FERGUSON • The peacemakers arrived on a Sunday. It was a little more than a day after Michael Brown’s shooting.
They introduced themselves to police and city officials that afternoon. They met with Brown’s family late that night, in a Highway Patrol truck down the street from the Canfield Green apartments.
The two, both mediators with a secretive unit of the U.S. Department of Justice called the Community Relations Service, were the first federal officials to arrive in Ferguson.
Since then, as many as eight have worked behind the scenes in Ferguson daily. They’ve held dozens of meetings with police, residents and community leaders, nearly all of them in secret. They have run town hall meetings closed to all but residents. They often ask attendees not to name names or talk specifics.
Department officials in Washington, citing provisions of the 1964 Civil Rights Act that created the unit, won’t even provide basic information on its employees or their work here.
And yet the agency is playing what may prove to be the most important role of any in Ferguson: persuading apprehensive residents, overwhelmed city officials, angry protesters and frustrated police to sit together and talk.
“God bless them,” said Patricia Bynes, a Democratic Party leader for Ferguson, and a near-constant presence on Ferguson streets since Brown’s shooting. “Right now, it’s almost like they’re herding cats.”
The Community Relations Service is just one part of four Justice Department operations here.
Days after the Aug. 9 shooting of Brown by Ferguson police Officer Darren Wilson, the department announced it would launch an investigation concurrent with St. Louis County’s, which took over for Ferguson police. About a month later, following night after night of protest and violence, the department said it would expand its work into an examination of the use of force in Ferguson.
At the same time, it said, it would send its community policing unit to Ferguson and St. Louis County to analyze police methods and offer training.
But the Community Relations Service — a 50-person, $12 million-a-year unit — is entirely different from those three larger operations. It has no investigative authority. Its mediators have been in St. Louis quietly working on disputes long before Brown’s death thrust Ferguson into the global consciousness.
And its goal, said Director Grande H. Lum in an interview last week with the Post-Dispatch, isn’t to make arrests or file lawsuits, but to give all sides a private place to talk, and, hopefully, solve their own problems.
“Those are the longest-lasting solutions — when the people themselves resolve their own disputes,” Lum said. His unit, he said, allows “people to speak.”
Lum wouldn’t discuss the details of his agency’s work in Ferguson. He said mediators are trained to identify underlying causes, parties involved, and those who need to be included.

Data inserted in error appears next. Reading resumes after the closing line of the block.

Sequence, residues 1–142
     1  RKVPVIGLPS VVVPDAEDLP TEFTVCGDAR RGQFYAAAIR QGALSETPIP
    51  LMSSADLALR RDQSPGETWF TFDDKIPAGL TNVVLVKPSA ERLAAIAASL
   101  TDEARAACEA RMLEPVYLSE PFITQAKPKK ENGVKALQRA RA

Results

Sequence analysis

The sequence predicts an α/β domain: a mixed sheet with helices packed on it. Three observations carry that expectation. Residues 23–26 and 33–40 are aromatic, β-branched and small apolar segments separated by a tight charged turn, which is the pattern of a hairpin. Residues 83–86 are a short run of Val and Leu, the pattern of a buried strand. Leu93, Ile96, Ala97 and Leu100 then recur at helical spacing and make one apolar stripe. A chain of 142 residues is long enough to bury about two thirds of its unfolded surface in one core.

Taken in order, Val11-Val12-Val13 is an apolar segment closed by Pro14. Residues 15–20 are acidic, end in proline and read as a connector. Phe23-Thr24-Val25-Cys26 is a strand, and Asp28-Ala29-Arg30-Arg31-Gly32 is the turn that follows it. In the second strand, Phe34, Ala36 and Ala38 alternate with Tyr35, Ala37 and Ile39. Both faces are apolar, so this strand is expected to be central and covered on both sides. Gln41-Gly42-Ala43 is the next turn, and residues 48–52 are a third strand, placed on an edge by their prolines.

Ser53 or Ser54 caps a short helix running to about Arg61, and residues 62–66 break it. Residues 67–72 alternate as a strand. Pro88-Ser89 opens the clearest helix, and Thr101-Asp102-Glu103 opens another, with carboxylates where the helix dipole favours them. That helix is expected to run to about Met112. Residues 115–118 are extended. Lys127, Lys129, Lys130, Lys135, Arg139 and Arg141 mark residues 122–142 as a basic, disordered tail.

“We are going to be there,” Lum said, “as long as it is needed.”
But Lum and his team have a hill ahead of them. They’ll have to overcome the perception, among some, that their work isn’t impartial. In Nebraska, for instance, residents raised concerns after a Justice Department mediator came into town to discuss a parade float carrying an outhouse labeled the “Obama Presidential Library.” And in Sanford, Fla., some conservative bloggers argued mediators were siding with protesters following the shooting of Trayvon Martin.
“Fifty years ago, they were incredibly important and incredibly effective,” said John Christian Adams, a former Justice Department attorney and frequent critic of Attorney General Eric Holder. “They got between people (who were) at each other’s throats. Now they’ve evolved into something that has taken sides.”
Mediators here will also have to grapple with a town — Ferguson — that had no organized activist community before Brown’s shooting, and instead wade through a dozen or more groups that have arisen since.
Perhaps more importantly, they’ll have to engage a segment of Ferguson that has, so far, resisted: Few of the angry young men and women who have filled the streets here late at night have yet to sit down with police and community leaders at the group meetings.
BEHIND THE SCENES
The Community Relations Service calls itself the nation’s peacemaker. Leaders say their field workers have, for more than 50 years, responded to racial rifts and unrest in American cities — from public school desegregation in the 1970s to post-9/11 backlash against Arab-Americans to the unrest in Sanford in 2012.
“I want to say that we wouldn’t have exploded,” said Mayor Jeff Triplett of Sanford, Fla. Triplett, 45, graduated from Missouri Southern State University. “I think they got us all to the board table … probably a couple weeks faster than we ever could have done. We would have been putting out fires, so to speak, everywhere.”
In 2010, protests filled Seattle streets for about two weeks after a police officer shot an American Indian woodcarver on a downtown sidewalk.
“That totally lit the fuse,” said Christopher T. Stearns, a Navajo, attorney and former chairman of the Seattle Human Rights Commission. Justice Department mediators organized meetings and helped keep protests peaceful. At one point, said Stearns, “outside agitators, anarchists, almost hijacked some of the protests.”
“We were going to let people know how we felt, but we weren’t going to attack the police or destroy shops that happened to be along the way,” Stearns said. “The people in black hoodies and duct tape, throwing rocks, breaking windows — we didn’t want them there.”